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Education news and notes from Tampa Bay and Florida

Pasco schools superintendent cautions coaches not to pray with players

27

September

Just hours before Friday night football was to kick off, Pasco County schools superintendent Kurt Browning today sent principals a pointed reminder that district employees -- such as coaches -- are not permitted to participate in religious activities with their students while performing their official duties.

In recent weeks, there have been several instances where coaches have led prayer with their teams.

"Students can initiate and lead prayers during any non-instructional time that you normally allow students to engage in nonreligious activities," Browning wrote. "Adults may not initiate or lead prayers when acting in their official school district capacity, but are free to pray or worship privately or silently. We want students to be able to exercise their faith at appropriate times and places, but we don’t want anyone to feel coerced into participating or to feel ostracized if they choose not to participate."

Browning attached federal guidelines and School Board policy (see #8800) as references.

The Tampa Bay Times will have more on the role of prayer in high school football this weekend. Read below for Browning's full memo.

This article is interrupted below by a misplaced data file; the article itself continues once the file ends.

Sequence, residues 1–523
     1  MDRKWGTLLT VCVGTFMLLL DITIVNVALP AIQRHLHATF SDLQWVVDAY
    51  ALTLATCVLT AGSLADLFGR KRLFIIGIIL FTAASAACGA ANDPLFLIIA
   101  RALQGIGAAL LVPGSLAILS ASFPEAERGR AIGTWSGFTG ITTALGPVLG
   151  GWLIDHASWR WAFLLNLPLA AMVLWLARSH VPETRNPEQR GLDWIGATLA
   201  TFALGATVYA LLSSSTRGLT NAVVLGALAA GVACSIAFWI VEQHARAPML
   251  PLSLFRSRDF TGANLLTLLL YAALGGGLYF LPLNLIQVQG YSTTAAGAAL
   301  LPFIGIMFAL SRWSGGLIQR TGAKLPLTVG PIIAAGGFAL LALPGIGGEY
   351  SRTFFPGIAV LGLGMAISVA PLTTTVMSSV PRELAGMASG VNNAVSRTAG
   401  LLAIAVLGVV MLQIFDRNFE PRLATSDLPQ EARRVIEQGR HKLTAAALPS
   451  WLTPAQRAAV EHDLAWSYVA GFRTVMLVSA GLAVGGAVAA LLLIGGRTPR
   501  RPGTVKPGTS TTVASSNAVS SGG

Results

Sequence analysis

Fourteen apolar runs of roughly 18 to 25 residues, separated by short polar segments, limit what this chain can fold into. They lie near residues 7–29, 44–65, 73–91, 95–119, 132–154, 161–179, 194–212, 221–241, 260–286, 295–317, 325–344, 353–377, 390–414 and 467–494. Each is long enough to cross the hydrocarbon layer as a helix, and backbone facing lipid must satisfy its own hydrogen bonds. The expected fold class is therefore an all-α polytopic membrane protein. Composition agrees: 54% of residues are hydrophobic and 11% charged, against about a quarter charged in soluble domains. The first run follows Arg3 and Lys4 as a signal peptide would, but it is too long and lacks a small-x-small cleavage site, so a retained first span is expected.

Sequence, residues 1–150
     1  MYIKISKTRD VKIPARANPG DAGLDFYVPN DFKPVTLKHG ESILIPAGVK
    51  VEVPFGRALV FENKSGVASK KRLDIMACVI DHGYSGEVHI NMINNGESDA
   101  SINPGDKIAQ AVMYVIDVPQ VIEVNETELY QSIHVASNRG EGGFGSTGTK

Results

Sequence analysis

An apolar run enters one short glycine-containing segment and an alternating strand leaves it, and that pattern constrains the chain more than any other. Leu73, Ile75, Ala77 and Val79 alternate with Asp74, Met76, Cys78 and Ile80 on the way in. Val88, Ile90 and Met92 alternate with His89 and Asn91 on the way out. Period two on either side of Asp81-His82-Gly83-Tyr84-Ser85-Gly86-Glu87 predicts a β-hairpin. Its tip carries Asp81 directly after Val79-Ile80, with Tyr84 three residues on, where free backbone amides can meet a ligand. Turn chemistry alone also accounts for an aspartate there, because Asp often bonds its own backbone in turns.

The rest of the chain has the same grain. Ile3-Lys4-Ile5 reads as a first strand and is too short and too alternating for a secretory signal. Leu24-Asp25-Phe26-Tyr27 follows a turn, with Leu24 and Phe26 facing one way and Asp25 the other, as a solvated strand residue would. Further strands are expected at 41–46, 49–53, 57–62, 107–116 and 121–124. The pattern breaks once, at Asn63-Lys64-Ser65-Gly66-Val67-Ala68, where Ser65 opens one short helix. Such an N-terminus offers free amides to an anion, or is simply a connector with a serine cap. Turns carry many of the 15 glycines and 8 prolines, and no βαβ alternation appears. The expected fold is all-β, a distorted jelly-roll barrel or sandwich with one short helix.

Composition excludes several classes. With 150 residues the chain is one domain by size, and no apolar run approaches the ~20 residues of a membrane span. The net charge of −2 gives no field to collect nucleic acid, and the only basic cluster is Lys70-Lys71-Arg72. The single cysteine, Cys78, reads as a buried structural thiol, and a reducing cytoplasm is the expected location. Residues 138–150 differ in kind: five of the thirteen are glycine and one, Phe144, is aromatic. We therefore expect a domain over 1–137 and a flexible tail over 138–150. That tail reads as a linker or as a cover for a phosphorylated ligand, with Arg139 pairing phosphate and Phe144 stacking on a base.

TO:  All Principals
FROM: Superintendent Kurt S. Browning
DATE:  September 26, 2013
RE:  Religious observance
It has come to my attention that some of our schools and staff members may not be aware of the laws related to Constitutionally-protected prayer in public schools.
In Pasco County Schools, we respect every child’s and every adult’s right to exercise their faith.  At the same time, we have an obligation to adhere to laws that prohibit teachers, school administrators, and other school employees, while acting in their official capacity, from encouraging or discouraging prayer and from actively participating in prayer activities with students.
In other words, students can initiate and lead prayers during any non-instructional time that you normally allow students to engage in nonreligious activities.  Adults may not initiate or lead prayers when acting in their official school district capacity, but are free to pray or worship privately or silently.  We want students to be able to exercise their faith at appropriate times and places, but we don’t want anyone to feel coerced into participating or to feel ostracized if they choose not to participate.  
I have attached School Board Policy 8800 and a guidance document to help principals balance the rights of students and staff, while also abiding by the Establishment Clause of the U.S. Constitution, other laws, and School Board policy.  If you have additional questions after reading the attached documents, please let me know.



[Last modified: Friday, September 27, 2013 3:17pm]

    

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